Blower squeak! Bearings or Bushings? Can it be greased?
Blower on air handler just started squeaking. Without pulling it I don't know wheather or not it can be greased. So, do I have one ready to go back in and if so where can I get a motor for it, or can it be greased? It is winter so I don't want to mess with this thing long. Thanks! D. Hobbs, Ky
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Re: Blower squeak! Bearings or Bushings? Can it be...
Most elec. fan motors can not be oiled , try holding the blower assembly with the fan running to see if that stops the noise , if it does not you need to replace the evap. fan motor and if the blower wheel is dirty clean it , if there is alot of rust on it replace it as well. Good luck.
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Brown is rust. Painted metal outside for 2 yrs eventually rusts (ergo: brown drips) The fan is exposed to heat/cold/wet and the sintered bronze bushings may have lost their lubrication and/or the shaft is corroded, causing squeaks. Take the case off and try to lube the shaft bearings with oil, not WD40.
If the air handler is the suspected vibration point then pull the service panel off the air handler while it is running and look at the blower wheel while it is running. You should be able to see if there is a wobble in the blower wheel. If this is the case the blower wheel will need to be replaced and/or possibly the fan motor if the bearings are bad.
Since i do not know what brand unit you have i can't give exact instructions on how to remove the blower assembly. But as a general rule, there are only 4 or 6 screws holding the assembly in place. There are wires that have to be disconnected as well.
It is a pretty big job to replace a blower wheel or blower motor. In the case of a motor, the replacement motors are not original equipment and have to be modified to work correctly in any given system. This is better left to an expert.
the 'squeaking noise' you hear is pretty much 1 of 4 problems with the unit.
1) Most likely it's a fan motor where the bearings are going out (metal to metal is causing the squeaking). The 'fix' for this problem is to change the motor which will run around $150 if you call a repairman, maybe more depending on the motor. I've been told there are still mfc's who put motors in their units 'that can be oiled' and I'm not going to say that's not true - but I haven't seen a motor that can be oiled - in years. They (mfc's) just don't do it anymore - after all - 'we're in a throwaway society you know.
Speaking of which - it might be 'cost effective' for you to think about buying a new unit, i.e. the cost of a new unit over the cost of repairing what you have. If you spend the extra cash for a new unit - then everything is "new" especially the compressor which is the heart of any AC unit.
2) Sometimes 'compressors' will also squeak - again it's bearings that are causing the noise and if it's a compressor - then you are in big trouble and should 'seriously' start thinking about a new AC.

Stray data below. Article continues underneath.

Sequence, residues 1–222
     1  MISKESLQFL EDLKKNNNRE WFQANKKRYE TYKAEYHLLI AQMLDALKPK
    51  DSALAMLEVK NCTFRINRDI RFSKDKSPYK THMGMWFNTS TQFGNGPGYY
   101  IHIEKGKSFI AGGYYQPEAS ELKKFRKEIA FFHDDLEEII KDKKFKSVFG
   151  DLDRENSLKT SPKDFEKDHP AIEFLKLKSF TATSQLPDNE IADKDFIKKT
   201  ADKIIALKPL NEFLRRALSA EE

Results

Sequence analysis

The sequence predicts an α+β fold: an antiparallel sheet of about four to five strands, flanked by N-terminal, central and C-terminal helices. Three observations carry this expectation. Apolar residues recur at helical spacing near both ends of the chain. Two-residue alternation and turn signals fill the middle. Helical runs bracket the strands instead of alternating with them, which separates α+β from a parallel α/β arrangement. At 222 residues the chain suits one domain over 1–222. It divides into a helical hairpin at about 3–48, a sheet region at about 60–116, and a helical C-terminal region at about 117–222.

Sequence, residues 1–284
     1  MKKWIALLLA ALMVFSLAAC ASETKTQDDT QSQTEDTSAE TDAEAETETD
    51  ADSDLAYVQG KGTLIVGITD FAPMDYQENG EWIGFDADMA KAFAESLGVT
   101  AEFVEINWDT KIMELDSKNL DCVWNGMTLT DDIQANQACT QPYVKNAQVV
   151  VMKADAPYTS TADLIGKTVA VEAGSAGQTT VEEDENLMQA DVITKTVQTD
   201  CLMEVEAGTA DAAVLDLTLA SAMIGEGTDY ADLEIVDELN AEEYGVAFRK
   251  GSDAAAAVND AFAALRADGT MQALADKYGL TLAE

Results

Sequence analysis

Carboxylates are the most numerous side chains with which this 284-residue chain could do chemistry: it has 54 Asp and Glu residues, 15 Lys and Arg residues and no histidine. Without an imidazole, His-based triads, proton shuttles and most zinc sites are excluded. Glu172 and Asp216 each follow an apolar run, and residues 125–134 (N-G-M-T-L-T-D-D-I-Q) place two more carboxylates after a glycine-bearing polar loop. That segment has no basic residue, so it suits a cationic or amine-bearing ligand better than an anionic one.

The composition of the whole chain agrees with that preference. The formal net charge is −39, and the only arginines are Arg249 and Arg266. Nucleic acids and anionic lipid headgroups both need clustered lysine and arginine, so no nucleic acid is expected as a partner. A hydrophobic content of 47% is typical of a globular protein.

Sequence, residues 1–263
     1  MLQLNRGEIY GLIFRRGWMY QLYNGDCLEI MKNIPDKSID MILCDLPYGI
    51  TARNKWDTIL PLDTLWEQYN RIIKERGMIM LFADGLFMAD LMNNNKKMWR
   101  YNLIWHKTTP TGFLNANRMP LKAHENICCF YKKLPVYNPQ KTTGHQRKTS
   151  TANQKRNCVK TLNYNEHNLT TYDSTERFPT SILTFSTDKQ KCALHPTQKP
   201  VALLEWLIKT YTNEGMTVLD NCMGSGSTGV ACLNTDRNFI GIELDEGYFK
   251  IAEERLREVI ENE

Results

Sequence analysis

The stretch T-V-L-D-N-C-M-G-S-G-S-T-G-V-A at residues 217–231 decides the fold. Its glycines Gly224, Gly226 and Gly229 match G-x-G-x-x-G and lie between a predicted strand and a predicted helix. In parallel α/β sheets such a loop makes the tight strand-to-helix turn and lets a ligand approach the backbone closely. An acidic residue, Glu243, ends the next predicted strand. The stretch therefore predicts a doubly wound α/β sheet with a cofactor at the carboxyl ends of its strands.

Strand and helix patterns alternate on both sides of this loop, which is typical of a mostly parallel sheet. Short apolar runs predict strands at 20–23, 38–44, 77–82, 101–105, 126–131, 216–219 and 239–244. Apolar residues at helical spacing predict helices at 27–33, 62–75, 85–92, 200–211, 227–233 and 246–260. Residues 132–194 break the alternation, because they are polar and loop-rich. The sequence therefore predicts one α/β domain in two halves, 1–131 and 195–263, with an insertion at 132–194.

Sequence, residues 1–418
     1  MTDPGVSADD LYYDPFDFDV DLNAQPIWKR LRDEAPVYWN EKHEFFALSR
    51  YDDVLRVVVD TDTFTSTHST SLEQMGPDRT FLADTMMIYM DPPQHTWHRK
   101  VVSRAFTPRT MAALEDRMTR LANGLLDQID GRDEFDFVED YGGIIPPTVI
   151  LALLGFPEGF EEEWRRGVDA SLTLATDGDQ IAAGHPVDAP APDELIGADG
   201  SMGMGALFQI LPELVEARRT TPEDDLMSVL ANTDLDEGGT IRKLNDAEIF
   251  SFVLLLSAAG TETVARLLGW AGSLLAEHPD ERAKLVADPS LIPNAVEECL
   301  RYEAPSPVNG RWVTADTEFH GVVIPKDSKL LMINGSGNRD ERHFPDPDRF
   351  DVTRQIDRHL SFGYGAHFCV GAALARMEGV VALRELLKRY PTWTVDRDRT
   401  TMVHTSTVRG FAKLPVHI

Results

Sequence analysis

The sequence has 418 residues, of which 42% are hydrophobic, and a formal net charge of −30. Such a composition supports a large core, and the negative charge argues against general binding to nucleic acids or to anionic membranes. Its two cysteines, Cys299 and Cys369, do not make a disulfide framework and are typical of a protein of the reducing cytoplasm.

3) a third possibility but not very likely - and that is it could be something as simple as a fan blade/squirrel cage (the fan mtr turns a blade and usually a squirrel cage) hitting some other part of the AC in such a way where you think it's squeaking you are hearing. I doubt if this is the case but if you pull the unit and take the cover off and 'turn the unit on' you might be able to determine this (for sure) and make an adjustment/fix on the spot.
4) lastly ... here is something I've done in the past. If you have the unit out of the window and the cover off - take a look at the fan motor and see if it's possible to take a drill and drill a very small hole on each side of the motor where the bearings are encased. (Note: drill the hole 'on top' of the encasement) - Then you take a oil can/plastic bottle and try to get some oil down on the bearings. This is a long shot (having a place to drill a hole) but if you can get some oil down on the bearings (remember you have bearings on both ends of the motor) it will extend the life of the motor possibly for years.
Like I said - I've done this (successfully) in the past. The big problem is that some motors don't have the 'built up encasement of the bearings' and so it's not possible to drill anywhere.
Squealing sounds from a forced-air heat pump generally occur when the belt that connects the motor to the fan slips. If the blower is making a grinding noise, shut off the unit and call a heat pump repair technician --the motor's bearings are probably shot.
In most cases, the belt is improperly aligned or worn and needs replacement. Follow the instructions in your owner?s manual (if you don?t have one, contact the manufacturer and ask for one).
This job involves removing the access panel, loosening a couple of bolts that hold the blower motor at the proper tension, and realigning or adjusting the belt. In many cases, it?s a good idea to remove it and buy a replacement at the hardware store.
When reinstalling the belt, be careful not to over-tighten it--this can wear out the motor bearings.